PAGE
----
The significant thing though, is that the functional spec could be a list of bullet points, and the tech spec will usually be a model, with some bullet points and technology steers, maybe just 3 or 4 pages in some cases.

Even when running an agile project we create documentation:

  • All documentation has a cost.
  • Developing against moving and ill-define high level requirements has a cost.
  • The correct balance to the above depends on your project, the culture, and the people.
  • We document Just in time, documents come out of date.
  • We document barely enough / just enough.
  • We do not maintain or update these documents, we don't put much effort into them. They are small. We expect to throw them away.
  • We iron out the big unknowns such as technology decisions, hazy requirements, and architecture up front.
  • We know what we are developing before we start.
  • We trust the developers to make informed decisions around the documentation and discuss any issues.
  • We value communication over documentation, as such we expect all involved to communicate often.
  • We document systems (overview) after development, not during, not before.

You see there is a small waterfall in our agile process.

If you work alone, create an upfront model (diagram!) and play with and choose the tech, and then when you have this concept of the high-level requirements, run ahead and develop in an agile iterative way, but consider good principles and consistency as you go and you will need to re-factor less, more re-factor as you go.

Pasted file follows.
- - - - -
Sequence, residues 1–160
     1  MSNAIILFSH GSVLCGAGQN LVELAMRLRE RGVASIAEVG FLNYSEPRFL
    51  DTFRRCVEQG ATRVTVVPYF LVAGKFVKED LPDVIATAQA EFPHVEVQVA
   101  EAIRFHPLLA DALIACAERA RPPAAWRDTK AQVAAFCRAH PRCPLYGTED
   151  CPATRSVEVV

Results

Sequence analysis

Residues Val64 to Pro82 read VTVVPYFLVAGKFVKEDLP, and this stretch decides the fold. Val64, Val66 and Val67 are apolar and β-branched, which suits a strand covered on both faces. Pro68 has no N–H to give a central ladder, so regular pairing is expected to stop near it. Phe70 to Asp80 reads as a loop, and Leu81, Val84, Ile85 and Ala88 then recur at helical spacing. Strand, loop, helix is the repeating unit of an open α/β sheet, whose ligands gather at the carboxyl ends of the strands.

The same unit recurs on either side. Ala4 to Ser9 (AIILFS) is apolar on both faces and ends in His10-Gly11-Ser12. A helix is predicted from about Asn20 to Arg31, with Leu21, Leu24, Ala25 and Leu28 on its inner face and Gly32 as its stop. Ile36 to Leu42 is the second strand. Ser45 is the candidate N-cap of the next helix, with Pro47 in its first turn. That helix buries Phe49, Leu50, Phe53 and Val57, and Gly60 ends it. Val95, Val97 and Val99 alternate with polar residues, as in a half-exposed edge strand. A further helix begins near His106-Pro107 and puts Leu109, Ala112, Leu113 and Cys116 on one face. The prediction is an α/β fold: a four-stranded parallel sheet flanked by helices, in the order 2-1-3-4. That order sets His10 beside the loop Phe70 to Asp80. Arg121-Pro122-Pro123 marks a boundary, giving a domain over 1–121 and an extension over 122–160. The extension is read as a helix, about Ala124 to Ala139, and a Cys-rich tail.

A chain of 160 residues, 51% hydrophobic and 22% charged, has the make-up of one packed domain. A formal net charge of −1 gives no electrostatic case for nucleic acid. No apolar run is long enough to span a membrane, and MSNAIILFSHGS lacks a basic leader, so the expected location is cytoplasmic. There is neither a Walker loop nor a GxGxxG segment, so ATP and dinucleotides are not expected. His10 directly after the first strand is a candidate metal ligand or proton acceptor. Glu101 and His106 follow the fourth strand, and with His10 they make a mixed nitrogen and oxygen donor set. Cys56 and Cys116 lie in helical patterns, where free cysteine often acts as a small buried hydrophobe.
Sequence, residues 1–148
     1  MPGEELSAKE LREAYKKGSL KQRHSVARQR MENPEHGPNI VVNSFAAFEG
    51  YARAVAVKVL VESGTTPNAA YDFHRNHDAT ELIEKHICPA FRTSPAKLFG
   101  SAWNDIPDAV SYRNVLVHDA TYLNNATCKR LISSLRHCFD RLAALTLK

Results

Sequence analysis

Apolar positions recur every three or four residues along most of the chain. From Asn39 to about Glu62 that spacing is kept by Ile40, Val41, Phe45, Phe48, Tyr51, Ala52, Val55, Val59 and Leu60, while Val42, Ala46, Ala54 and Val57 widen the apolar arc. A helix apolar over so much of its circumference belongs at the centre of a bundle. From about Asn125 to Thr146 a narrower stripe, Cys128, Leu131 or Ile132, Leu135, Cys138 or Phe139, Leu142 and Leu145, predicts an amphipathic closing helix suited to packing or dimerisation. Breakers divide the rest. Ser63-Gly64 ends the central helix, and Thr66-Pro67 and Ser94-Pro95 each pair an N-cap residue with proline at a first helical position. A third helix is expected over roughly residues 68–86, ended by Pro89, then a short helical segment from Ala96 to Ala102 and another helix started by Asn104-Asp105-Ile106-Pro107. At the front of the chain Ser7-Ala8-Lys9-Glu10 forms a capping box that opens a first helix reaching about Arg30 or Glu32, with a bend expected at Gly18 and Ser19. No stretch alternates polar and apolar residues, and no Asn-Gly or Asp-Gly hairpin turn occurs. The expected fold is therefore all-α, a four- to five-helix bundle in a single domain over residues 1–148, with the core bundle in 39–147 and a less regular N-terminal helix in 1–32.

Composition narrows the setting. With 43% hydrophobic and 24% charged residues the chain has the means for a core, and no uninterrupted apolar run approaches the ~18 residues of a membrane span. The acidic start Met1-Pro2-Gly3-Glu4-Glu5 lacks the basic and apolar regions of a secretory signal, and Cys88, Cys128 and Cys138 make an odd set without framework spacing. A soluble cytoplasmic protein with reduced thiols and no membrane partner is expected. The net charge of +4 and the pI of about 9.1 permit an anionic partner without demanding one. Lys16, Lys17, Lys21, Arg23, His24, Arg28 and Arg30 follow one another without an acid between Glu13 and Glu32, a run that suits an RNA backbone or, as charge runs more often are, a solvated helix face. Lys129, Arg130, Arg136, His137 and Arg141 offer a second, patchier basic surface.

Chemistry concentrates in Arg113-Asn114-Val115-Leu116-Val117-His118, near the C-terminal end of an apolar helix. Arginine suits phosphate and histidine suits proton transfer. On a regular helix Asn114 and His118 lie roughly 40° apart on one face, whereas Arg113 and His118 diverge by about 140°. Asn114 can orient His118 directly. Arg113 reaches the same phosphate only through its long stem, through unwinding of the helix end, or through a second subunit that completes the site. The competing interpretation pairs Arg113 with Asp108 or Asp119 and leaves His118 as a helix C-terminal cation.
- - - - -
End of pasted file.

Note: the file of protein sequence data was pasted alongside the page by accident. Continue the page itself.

But in general, if there is a real cost involved (not a hobby) know what your are developing before you write code, but don't waste too much time writing documentation that will become redundant fast as you will change your mind, and should change your mind during development as you become better informed. And your project could change course hugely, but start from a good, well defined foundation.


This is roughly how I start new projects and it's worked out pretty well, assuming we're talking about smallish projects. For example, I would not go this route if I were writing an ORM or something of that magnitude. Occasionally I'll resort to more formal research when I'm really in over my head. But for the most part I just start writing code and see what happens. You have to be prepared to throw a lot of code away when you do this however.